Anglo Saxon Gardens During the Norman Conquest

The introduction of the Normans in the 2nd half of the 11th century irreparably altered The Anglo-Saxon lifestyle. The skill of the Normans exceeded the Anglo-Saxons' in architecture and agriculture at the time of the conquest. However the Normans had to pacify the overall territory before they could concentrate on home life, domestic architecture, and decoration. Because of this, castles were cruder structures than monasteries: Monasteries were frequently important stone buildings set in the biggest and most fertile valleys, while castles were constructed on windy crests where their citizens dedicated time and space to tasks for offense and defense.Anglo Saxon Gardens Norman Conquest 536625711812694734.jpg Tranquil pursuits such as gardening were out of place in these destitute citadels. The best specimen of the early Anglo-Norman style of architecture existent today is Berkeley Castle. The keep is said to date from the time of William the Conqueror. An enormous terrace encompasses the building, serving as an impediment to attackers trying to dig under the castle walls. On 1 of these terraces sits a quaint bowling green: it is covered in grass and flanked by an old yew hedge that is created into the shape of rough ramparts.Wide Array Wall Water Fountains 056785472545329681.jpg

The Wide Array of Wall Water Fountains

You can find tranquility and quiet when you add a wall fountain in your backyard or patio. Even a little space can contain a custom-built one. Both the stand alone and fitted versions need to have a spout, a water basin, internal tubing, and a pump. There are any variety of models to choose from most notably conventional, contemporary, classic, or Asian.

Freestanding wall fountains, commonly known as floor fountains, are relatively big and feature a basin on the ground.

You can decide to put your wall-mounted feature on an preexisting wall or build it into a new wall. Integrating this kind of water feature into your landscape adds a cohesiveness to the look you want to attain rather than making it seem as if the fountain was merely added later.

Rome’s Early Water Transport Solutions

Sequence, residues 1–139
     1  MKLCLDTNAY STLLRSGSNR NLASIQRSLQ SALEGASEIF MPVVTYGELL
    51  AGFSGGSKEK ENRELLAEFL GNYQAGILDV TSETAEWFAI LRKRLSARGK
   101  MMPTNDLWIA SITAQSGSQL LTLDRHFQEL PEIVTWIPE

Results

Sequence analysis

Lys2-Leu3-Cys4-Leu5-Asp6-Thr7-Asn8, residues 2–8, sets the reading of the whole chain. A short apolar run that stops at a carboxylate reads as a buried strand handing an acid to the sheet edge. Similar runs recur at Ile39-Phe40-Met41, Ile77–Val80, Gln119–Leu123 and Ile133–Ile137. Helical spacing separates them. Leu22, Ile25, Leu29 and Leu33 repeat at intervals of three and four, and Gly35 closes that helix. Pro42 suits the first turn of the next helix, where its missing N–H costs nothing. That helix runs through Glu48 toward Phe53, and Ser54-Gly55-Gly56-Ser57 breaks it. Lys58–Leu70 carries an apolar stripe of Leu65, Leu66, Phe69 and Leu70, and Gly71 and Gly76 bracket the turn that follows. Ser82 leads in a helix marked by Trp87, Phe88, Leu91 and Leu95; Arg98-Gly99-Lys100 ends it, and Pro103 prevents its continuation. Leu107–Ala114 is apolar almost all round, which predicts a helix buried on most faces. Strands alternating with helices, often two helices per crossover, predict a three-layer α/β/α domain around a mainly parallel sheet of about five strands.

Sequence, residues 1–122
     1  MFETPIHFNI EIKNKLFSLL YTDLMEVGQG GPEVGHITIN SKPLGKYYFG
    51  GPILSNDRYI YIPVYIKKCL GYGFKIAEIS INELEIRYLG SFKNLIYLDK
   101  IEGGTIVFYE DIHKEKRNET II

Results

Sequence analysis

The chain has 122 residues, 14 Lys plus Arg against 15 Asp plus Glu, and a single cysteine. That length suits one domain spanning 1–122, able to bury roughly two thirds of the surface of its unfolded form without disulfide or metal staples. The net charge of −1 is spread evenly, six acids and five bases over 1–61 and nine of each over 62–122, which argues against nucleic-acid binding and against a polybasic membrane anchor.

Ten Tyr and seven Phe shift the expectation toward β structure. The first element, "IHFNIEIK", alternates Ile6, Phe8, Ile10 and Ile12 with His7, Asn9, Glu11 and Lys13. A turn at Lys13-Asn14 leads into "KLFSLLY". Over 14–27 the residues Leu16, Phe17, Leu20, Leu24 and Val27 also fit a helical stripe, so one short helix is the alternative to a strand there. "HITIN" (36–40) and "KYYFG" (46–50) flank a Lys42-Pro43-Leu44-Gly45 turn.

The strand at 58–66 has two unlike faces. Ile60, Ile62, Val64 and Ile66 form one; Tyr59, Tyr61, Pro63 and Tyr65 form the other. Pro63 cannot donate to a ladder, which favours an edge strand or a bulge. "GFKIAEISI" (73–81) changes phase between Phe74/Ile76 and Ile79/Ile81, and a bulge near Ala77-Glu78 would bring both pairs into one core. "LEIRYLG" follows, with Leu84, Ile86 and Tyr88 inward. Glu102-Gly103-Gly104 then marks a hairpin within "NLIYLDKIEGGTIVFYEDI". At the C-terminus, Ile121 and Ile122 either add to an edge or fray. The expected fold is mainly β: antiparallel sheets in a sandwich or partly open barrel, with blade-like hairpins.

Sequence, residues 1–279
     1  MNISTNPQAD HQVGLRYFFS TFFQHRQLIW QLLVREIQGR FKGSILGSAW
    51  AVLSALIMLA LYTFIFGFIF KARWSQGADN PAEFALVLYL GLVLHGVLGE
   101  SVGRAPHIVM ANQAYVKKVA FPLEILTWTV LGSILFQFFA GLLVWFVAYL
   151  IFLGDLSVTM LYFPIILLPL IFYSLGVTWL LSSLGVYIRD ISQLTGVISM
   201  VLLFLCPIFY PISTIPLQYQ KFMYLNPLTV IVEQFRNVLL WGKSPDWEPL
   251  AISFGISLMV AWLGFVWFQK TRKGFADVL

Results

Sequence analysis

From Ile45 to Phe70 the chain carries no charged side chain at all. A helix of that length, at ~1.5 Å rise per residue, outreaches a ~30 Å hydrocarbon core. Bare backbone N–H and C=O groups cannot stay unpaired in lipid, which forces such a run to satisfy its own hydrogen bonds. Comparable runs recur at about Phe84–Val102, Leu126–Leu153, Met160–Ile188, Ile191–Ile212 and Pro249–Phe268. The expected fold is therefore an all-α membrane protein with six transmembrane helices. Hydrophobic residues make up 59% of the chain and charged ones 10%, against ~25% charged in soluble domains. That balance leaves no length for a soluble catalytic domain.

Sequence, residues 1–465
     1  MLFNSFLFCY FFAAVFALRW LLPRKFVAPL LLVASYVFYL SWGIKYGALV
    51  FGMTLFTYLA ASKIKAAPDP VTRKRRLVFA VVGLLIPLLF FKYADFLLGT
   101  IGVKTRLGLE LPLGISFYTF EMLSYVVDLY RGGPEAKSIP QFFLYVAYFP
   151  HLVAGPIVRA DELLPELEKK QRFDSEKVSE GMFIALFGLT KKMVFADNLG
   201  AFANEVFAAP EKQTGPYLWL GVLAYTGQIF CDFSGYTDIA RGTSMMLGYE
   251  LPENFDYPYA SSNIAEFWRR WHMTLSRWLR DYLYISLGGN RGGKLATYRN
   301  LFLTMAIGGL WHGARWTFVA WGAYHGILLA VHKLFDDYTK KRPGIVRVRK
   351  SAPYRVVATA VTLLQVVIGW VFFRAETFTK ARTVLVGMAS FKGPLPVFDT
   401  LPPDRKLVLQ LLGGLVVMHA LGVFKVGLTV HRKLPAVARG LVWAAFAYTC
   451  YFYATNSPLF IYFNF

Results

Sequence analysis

With the development of the 1st elevated aqueduct in Rome, the Aqua Anio Vetus in 273 BC, individuals who lived on the city’s foothills no longer had to be dependent exclusively on naturally-occurring spring water for their demands. Outside of these aqueducts and springs, wells and rainwater-collecting cisterns were the lone technologies readily available at the time to supply water to areas of high elevation. Beginning in the sixteenth century, a newer approach was introduced, using Acqua Vergine’s subterranean portions to provide water to Pincian Hill. As originally constructed, the aqueduct was provided along the length of its channel with pozzi (manholes) constructed at regular intervals.Rome’s Early Water Transport Solutions 8451849387121786229.jpg Though they were primarily developed to make it possible to service the aqueduct, Cardinal Marcello Crescenzi began using the manholes to get water from the channel, commencing when he purchased the property in 1543. The cistern he had constructed to gather rainwater wasn’t satisfactory to meet his water requirements. By using an opening to the aqueduct that ran below his property, he was set to satisfy his water wants.

Contemporary Garden Decoration: Fountains and their Beginnings

A fountain, an incredible piece of engineering, not only supplies drinking water as it pours into a basin, it can also launch water high into the air for an extraordinary effect.

Originally, fountains only served a functional purpose. Inhabitants of cities, townships and small towns used them as a source of drinking water and a place to wash up, which meant that fountains needed to be linked to nearby aqueduct or spring.Contemporary Garden Decoration: Fountains Beginnings 53883836860.jpg Until the late nineteenth, century most water fountains operated using gravity to allow water to flow or jet into the air, therefore, they needed a supply of water such as a reservoir or aqueduct located higher than the fountain. Acting as an element of adornment and celebration, fountains also provided clean, fresh drinking water. Bronze or stone masks of animals and heroes were commonly seen on Roman fountains. To depict the gardens of paradise, Muslim and Moorish garden planners of the Middle Ages added fountains to their designs. To show his dominance over nature, French King Louis XIV included fountains in the Garden of Versailles. The Popes of the 17th and 18th centuries were glorified with baroque style fountains constructed to mark the arrival points of Roman aqueducts.

Urban fountains built at the end of the nineteenth served only as decorative and celebratory adornments since indoor plumbing provided the necessary drinking water. Fountains using mechanical pumps instead of gravity enabled fountains to provide recycled water into living spaces as well as create special water effects.

These days, fountains decorate public areas and are used to honor individuals or events and fill recreational and entertainment needs.